Recently, on 23rd January 2015, Uber resumed its operations in Delhi after applying for a fresh license to operate as a radio taxi service, though it is yet to actually get the license. It gave up its long standing stance of being only a technology provider and not a service operator. This was mainly because other ‘app’ companies were still plying in Delhi despite the ban, and Uber saw it as a threat to their long term prospects.

The Government Order as a ‘Barrier to Entry’

The Delhi government’s response to the whole issue has been very Luddite (As Apar Gupta discusses in his blog, here). The government reached the solution without understanding the nuances of the problem, which inevitably adds to the problem itself.

The government ordered all ‘app’ taxi providers to comply with the Radio Taxi Scheme 2006 or stop their services altogether. Now, in order to comply with the Radio Taxi Scheme 2006, the app companies will be forced to use outdated modes of technology and also raise their fares. It even mandates the requirement of a minimum number of cars and parking spaces along with bookings made over phone. This significantly increases their ‘entry costs’. These ‘barriers to entry’ tend to restrict competition, providing consumers with fewer choices. The lower the ‘barriers to entry’ are, the easier it is for new firms new firms to enter the industry, thus raising the overall output. Simplistically speaking, this will lead to a decrease in price of the good or service in question.

Proposing a Workable Solution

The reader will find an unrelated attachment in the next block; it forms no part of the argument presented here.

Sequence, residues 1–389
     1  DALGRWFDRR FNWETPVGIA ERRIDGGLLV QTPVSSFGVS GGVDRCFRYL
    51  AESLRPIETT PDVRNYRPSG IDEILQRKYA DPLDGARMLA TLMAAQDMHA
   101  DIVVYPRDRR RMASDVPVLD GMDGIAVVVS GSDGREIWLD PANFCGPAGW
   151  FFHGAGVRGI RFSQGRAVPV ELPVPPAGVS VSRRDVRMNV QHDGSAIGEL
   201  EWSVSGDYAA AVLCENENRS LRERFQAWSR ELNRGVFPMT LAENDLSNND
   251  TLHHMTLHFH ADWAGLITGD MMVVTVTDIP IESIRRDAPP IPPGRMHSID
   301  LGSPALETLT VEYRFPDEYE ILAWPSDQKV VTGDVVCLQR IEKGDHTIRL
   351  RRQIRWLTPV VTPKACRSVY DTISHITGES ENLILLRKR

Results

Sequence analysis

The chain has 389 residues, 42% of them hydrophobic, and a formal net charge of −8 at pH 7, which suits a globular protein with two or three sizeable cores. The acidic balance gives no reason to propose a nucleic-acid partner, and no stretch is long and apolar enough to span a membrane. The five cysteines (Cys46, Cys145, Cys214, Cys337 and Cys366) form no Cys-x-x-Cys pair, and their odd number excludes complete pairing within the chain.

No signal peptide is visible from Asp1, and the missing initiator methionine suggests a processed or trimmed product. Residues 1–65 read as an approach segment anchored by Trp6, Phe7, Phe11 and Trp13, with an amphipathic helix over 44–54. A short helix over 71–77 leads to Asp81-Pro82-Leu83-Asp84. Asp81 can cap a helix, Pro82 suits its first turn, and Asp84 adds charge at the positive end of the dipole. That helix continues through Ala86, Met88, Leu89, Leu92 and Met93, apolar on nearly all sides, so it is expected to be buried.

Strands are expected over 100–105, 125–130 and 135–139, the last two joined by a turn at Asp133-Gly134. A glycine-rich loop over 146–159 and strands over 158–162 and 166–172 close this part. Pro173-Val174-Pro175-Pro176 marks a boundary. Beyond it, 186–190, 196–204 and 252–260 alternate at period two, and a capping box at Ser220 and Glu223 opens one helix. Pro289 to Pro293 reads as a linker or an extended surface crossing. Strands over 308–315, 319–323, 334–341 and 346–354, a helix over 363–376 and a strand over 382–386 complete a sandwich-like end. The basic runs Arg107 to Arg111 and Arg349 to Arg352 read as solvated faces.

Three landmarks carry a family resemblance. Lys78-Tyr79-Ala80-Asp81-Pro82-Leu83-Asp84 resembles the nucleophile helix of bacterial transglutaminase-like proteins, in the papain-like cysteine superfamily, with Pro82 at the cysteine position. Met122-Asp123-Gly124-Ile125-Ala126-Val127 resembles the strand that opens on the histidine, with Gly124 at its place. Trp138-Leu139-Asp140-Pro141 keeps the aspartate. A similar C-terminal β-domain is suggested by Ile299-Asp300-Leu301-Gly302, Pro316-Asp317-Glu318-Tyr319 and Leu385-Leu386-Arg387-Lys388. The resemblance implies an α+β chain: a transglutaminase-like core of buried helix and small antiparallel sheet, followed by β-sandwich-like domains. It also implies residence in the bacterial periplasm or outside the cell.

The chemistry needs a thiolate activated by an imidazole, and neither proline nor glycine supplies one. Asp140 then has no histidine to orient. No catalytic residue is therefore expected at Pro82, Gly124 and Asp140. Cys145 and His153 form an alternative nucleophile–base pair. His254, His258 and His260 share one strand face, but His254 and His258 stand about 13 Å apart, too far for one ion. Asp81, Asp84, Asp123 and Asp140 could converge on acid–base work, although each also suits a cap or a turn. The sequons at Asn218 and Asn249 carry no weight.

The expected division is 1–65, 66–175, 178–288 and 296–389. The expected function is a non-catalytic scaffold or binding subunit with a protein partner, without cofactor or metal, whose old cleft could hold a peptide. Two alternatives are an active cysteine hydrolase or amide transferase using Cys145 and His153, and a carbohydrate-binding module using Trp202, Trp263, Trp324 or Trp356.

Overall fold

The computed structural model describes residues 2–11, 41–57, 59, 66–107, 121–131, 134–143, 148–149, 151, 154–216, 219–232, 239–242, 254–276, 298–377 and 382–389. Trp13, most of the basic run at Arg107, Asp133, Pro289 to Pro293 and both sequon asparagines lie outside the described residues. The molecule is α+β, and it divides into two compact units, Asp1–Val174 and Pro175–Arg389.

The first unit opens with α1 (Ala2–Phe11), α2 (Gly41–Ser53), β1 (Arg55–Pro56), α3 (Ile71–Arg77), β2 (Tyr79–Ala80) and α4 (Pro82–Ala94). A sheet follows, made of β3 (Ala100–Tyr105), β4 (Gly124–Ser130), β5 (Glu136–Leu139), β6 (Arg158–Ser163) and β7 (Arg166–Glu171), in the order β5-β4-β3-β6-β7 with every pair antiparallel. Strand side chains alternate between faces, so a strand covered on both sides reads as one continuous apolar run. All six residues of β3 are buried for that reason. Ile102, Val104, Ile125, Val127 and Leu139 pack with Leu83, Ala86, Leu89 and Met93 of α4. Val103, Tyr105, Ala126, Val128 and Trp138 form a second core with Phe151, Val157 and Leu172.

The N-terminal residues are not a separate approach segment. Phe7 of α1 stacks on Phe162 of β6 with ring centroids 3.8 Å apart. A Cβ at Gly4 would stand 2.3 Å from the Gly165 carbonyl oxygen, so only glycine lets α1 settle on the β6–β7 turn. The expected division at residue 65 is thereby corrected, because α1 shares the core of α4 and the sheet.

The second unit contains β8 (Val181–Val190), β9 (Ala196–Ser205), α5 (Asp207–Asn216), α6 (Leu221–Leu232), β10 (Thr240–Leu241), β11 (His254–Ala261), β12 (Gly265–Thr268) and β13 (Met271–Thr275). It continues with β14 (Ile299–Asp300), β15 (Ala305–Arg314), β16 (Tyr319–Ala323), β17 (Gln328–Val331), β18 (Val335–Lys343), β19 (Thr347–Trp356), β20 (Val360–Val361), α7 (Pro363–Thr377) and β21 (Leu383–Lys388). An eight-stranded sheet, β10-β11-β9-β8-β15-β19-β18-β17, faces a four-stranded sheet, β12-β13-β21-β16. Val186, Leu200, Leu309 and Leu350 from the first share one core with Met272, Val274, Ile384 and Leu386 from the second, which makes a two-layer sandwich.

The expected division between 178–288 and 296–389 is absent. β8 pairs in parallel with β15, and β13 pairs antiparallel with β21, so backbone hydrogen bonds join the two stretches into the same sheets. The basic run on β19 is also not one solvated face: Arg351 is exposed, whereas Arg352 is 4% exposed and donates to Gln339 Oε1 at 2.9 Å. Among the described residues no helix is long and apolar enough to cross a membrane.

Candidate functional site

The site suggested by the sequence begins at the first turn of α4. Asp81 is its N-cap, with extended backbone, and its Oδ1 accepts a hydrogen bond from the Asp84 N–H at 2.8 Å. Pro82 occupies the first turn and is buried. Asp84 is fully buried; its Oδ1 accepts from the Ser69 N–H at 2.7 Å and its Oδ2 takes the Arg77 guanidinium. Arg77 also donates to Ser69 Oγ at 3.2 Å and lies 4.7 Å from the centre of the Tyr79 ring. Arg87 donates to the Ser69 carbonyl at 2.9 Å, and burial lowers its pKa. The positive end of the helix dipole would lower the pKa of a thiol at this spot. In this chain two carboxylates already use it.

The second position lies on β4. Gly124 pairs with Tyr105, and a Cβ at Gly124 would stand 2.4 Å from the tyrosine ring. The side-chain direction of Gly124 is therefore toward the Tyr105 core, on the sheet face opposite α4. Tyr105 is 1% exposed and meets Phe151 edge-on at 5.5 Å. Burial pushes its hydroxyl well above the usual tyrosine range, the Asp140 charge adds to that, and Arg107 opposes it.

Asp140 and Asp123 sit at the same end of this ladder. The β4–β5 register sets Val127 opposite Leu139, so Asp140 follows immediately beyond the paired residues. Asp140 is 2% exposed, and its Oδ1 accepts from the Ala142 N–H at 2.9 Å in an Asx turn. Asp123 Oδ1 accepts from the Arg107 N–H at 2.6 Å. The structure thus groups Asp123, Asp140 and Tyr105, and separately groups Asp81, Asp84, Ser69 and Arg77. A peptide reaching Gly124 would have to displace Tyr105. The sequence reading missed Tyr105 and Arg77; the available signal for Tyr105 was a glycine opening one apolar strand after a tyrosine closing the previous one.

The need of the hour is to create a level-playing field between the taxi industry in India and these private ‘taxi app’ companies. The focus should be on promoting competition rather than restricting it. In light of this, the best solution perhaps has been adopted by Washington in recent times. It has come up with an ‘app’ for its taxis to compete head-on with ride-sharing companies like Uber. This pretty workable solution benefits everyone, i.e. the riders, the drivers, the companies and the overall economy.

The Indian government should also focus on creating a national criminal database to augment the process of background checks of the drivers. Requirement of a Global Positioning System (GPS) should be made mandatory in taxis across the board.

Uber along with Google and other companies has taken a giant leap towards the future by initiating ‘driverless cars’. This would mean cheaper and safer rides, since there would be ‘no other dude in the car. However, some evident issues in view of the Indian scenario are a) detailed and comprehensive digital mapping of cities and, b) legality of robotic drivers taking charge (policy regulations).

To resolve the issue of whether these taxi aggregators need to conform to the IT laws or the Radio Taxi Scheme, a broad perspective must be taken. There are significant barriers to entry discussed above which will significantly raise the ‘entry costs’. It is not viable for a taxi aggregator to obtain a minimum fleet of cars, obtain a parking space or use outdated modes of technology. Haste makes waste, and banning Uber is in my opinion, adding to the problems instead of seeking a way out. Moreover, in the Indian scenario, the focus should also be on tackling broader security issues.

The influence of technology in the taxi sector, or for that matter in any sector, cannot be ignored. The wisest solution will be the one which takes the relevant technology into account and uses it to obtain the maximum output.